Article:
U.S. First Circuit - The FindLaw 1st Circuit Court of Appeals News and Information Blog

Zambia Immigrant Can Compete in Poetry Contest

Call it poetic justice.

Allan Monga, a Maine high school student, won the state's Poetry Outloud Competition. But the sponsoring organization said he could not compete at the national level because he was not a permanent resident.

Monga complained in federal court that it wasn't fair, and the judge agreed in Monga v. National Endowment for the Arts. The student provided poetry; the judge added justice.

No Return for the Vacation From Hell

Peter Hiam's vacation hell started before he left.

He booked a tropical villa for a week in Belize, only to learn later that the property didn't exist. He was out more than $46,000, so he went after the online service that set it up.

The U.S. First Circuit Court of Appeals shared Hiam's bewilderment over the company's actions, but that wasn't enough to get his money back. In Hiam v. HomeAway.com, the watchword is "limited guarantee."

The First Circuit Court of Appeals clearly cares about deadlines. Just ask Samuel Dixon, who just lost his sentencing appeal because his motion was filed one day too late.

In Dixon's recent sentencing appeal, despite the fact that the district court didn't even bother to address the timeliness question when dismissing the appellant's motion to vacate his sentence, that's all the First Circuit even looked at. The court explained that even giving the appellant the longest available statute of limitations, he missed it by one day.

Court Hears Case Against Maine Governor for Blackmail (Again)

Lawyers threw a political football into a federal appeals court, arguing whether Maine's governor wrongfully tried to keep his Democratic opponent from getting a job.

Gov. Paul LePage allegedly blackmailed a charter school, threatening to withhold funding if it gave a job to former House Speaker Mark Eves. A trial judge dismissed the case, but an appeal put the controversy back in the news.

At oral arguments before the U.S. First Circuit Court of Appeals, the judges seemed to show little interest in a political game. Two of the six jurists didn't even show up.

In a federal First Circuit appeal that pulls at the heartstrings while also pushing the boundaries of privacy rights, a disabled, non-verbal primary school student has been denied the right to carry around an audio or video recorder while at school.

Although it was the student's parents that were pushing for this, anyone with the littlest shred of empathy would easily understand their plight. The parents of the student steadfastly maintain that their son should be allowed to carry a working audio recorder while at school so that they can know what is going on. Unfortunately for the parents, the school, and the courts, just didn't see it the same way.

In a case that is almost too difficult to describe without breaking the blogging boundaries of decency, a doctor's criminal convictions for tax evasion, distributing drugs, and fraud have been upheld by the First Circuit.

The case of Dr. Joel Sabaen, convicted back in 2016, is a curious one. The criminal convictions all stem from conduct he engaged in with his adult daughter. The tax evasion related to over $2 million he gave her over a five year period of time. The drug charges stem from the bogus narcotics prescriptions he wrote for her. And while this may not seem so wild, the reasons why he filed an appeal certainly highlight the most degenerate aspects of his case.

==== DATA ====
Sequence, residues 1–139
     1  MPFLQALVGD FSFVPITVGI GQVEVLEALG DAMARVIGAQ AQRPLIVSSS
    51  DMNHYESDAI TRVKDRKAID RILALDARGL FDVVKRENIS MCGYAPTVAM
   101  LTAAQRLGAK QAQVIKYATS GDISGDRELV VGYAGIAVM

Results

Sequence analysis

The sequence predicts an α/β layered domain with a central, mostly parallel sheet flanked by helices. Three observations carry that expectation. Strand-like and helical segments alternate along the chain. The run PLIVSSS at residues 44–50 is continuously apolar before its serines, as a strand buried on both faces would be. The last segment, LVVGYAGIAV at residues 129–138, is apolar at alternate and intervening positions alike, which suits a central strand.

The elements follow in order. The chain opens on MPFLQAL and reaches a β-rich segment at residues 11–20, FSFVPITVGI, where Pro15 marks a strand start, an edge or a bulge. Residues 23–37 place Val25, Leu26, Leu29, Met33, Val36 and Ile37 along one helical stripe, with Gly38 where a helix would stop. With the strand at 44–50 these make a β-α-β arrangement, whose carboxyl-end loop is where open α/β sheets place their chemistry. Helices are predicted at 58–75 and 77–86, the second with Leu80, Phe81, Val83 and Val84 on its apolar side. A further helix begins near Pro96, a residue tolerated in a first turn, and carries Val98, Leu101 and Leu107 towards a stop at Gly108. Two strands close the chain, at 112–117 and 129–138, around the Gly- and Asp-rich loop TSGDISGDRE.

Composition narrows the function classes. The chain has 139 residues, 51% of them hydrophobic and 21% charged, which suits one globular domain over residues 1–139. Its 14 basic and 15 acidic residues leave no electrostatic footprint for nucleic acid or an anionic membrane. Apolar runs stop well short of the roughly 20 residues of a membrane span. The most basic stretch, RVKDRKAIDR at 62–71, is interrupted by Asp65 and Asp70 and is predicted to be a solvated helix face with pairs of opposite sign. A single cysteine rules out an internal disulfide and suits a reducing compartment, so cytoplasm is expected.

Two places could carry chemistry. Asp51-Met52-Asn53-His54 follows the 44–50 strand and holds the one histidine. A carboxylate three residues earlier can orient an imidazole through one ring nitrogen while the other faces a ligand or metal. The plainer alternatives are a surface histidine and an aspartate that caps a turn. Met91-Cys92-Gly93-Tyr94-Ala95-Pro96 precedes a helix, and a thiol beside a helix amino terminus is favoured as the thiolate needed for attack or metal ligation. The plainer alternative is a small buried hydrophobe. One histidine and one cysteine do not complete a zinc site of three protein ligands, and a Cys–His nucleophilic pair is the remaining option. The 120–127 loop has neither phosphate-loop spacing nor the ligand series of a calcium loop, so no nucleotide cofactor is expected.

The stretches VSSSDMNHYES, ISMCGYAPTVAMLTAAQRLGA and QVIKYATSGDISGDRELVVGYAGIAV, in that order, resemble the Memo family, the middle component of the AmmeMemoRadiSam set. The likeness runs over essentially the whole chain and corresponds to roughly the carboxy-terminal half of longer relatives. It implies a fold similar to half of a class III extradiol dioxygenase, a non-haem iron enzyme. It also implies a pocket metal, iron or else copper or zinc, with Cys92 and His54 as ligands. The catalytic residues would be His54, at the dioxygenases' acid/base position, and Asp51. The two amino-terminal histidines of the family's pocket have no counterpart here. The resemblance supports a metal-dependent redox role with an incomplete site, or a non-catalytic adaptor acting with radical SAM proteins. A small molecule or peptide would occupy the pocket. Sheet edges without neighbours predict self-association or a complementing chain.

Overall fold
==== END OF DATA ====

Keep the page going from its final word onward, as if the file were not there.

Invasion of Privacy Claim Against Howard Stern Thrown Out

Nothing is sacred on Howard Stern's radio show.

Famous for making fun of everyone from politicians to prostitutes, Stern will do most anything for ratings. Except broadcast Judith Barrigas' tax information; that was a mistake.

Or so said his lawyers in Barrigas v. United States of America. Barrigas sued Stern for invasion of privacy, and the judge dismissed it.

When the court disagrees with a movant, sometimes it can constructively reflect on how the litigant could have been mistaken, and sometimes a First Circuit Court of Appeals justice can just let a group of plaintiffs have it.

In the Ellis v. Fidelity case, the appellate court really didn't hold back their criticism of plaintiffs' theories. In short, the plaintiffs claimed Fidelity was liable for acting in its own self interest over its investors' interest by acting too conservatively in managing the most conservative investment fund option available. In ruling, the court actually said:

"Plaintiffs' theory of how Fidelity behaved disloyally suffers from the added disability of making little sense."

Sadly for the plaintiffs, it doesn't get much better from there.

Drug Dealer Loses 'Softball-Sized' Appeal

Over-confidence was one of Todd Rasberry's problems; another was drug-dealing.

When police patted him down during a search for drugs, Rasberry said the softball-sized object they felt in his groin area was "part of his anatomy."

It turned out to be a big ball of drugs in United States of America v. Rasberry.

Court: Hotel Had Duty to Man Injured in Lobby Fight

Late one night, Henry Mu was waiting for his girlfriend outside a hotel when a fight broke out.

A rowdy group of men, who had been kicked out of their room for disrupting guests, were chasing down a man. Mu told the hotel valet to call the police.

"That's not my problem," the valet said. In Mu v. Omni Hotels Management Corporation, turns out it was.